Rev. Stephen S. Knowlton

Brief Life History of Stephen S.

When Rev. Stephen S. Knowlton was born on 20 January 1831, in Pittsfield, Rutland, Vermont, United States, his father, Stephen Smith Knowlton, was 30 and his mother, Sarah Atwood, was 31. He married Frances Laetitia Kent on 25 August 1858, in Enosburg, Franklin, Vermont, United States. They were the parents of at least 2 sons. He lived in Danville, Caledonia, Vermont, United States for about 8 years and Norfolk, Massachusetts, United States in 1910. He died on 20 January 1918, in Medway, Norfolk, Massachusetts, United States, at the age of 87, and was buried in Evergreen Cemetery, Medway, Norfolk, Massachusetts, United States.

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Family Time Line

Rev. Stephen S. Knowlton
1831–1918
Frances Laetitia Kent
1832–1924
Marriage: 25 August 1858
Ralph Knowlton
1872–1900
Kent Knowlton
1872–1966

Sources (21)

  • Stephen Knollton, "Massachusetts State Census, 1865"
  • Stephen Knowlton, "Vermont, Births and Christenings, 1765-1908"
  • Stephen S. Knowlton, "Find A Grave Index"

World Events (8)

1832 · The Black Hawk War

Convinced that a group of Native American tribes were hostile, The United States formed a frontier militia to stop them in their tracks. Even though Black Hawk was hoping to avoid bloodshed while trying to resettle on tribal land, U.S. officials opened fire on the Native Americans. Black Hawk then responded to this confrontation by successfully attacking the militia at the Battle of Stillman's Run and then left northward. After a few months the militia caught up with Black Hawk and his men and defeated them at the Battle of Wisconsin Heights. While being weakened by hunger, injuries and desertion, Black Hawk and the rest of the many native survivors retreated towards the Mississippi. Unfortunately, Black Hawk and other leaders were later captured when they surrendered to the US forces and were then imprisoned for a year.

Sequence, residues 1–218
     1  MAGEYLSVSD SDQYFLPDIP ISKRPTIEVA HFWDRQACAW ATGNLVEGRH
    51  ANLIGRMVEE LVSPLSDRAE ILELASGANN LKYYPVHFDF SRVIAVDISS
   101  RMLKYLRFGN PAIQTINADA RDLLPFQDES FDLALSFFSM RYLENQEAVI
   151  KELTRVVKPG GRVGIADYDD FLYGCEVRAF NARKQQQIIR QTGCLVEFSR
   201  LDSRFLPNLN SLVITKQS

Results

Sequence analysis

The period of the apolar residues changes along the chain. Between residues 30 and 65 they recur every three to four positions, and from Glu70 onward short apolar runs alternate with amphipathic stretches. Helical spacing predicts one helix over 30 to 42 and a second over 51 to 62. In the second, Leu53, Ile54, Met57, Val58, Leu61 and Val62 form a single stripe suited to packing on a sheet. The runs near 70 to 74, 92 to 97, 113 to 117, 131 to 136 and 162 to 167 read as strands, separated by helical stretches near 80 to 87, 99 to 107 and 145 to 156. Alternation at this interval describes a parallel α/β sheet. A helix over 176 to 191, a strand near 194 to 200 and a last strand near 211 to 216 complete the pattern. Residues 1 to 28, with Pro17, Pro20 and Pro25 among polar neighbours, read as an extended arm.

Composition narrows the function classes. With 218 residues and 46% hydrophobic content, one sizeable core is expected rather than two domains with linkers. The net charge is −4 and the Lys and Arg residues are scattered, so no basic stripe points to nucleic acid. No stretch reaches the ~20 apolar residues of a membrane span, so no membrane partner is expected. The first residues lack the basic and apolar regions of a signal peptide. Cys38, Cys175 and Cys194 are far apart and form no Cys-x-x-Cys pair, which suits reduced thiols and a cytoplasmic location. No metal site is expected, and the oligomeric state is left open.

1834 · Vermont Anti-Slavery Society is Formed

The Anti-Slavery Society of Vermont was established in 1834. 100 people from different towns were at the first meeting, with the intent to abolish slavery. 

1863

Abraham Lincoln issues Emancipation Proclamation, declaring slaves in Confederate states to be free.

Name Meaning

English (Hampshire): habitational name from either of two places so named, one in Dorset and the other in Kent. Both are named from Old English cnoll ‘knoll, hilltop’ + tūn ‘farmstead, estate’.

Dictionary of American Family Names © Patrick Hanks 2003, 2006.

Possible Related Names

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